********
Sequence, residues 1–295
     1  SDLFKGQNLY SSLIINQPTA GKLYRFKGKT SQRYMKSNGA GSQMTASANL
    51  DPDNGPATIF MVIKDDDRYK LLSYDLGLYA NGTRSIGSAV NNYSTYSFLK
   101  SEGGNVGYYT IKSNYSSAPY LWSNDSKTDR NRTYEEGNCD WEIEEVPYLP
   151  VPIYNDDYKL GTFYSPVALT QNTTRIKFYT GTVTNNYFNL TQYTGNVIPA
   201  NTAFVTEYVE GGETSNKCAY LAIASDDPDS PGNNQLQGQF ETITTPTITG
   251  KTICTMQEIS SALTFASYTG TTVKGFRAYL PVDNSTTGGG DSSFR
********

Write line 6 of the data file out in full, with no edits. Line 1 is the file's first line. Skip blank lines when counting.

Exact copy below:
   201  NTAFVTEYVE GGETSNKCAY LAIASDDPDS PGNNQLQGQF ETITTPTITG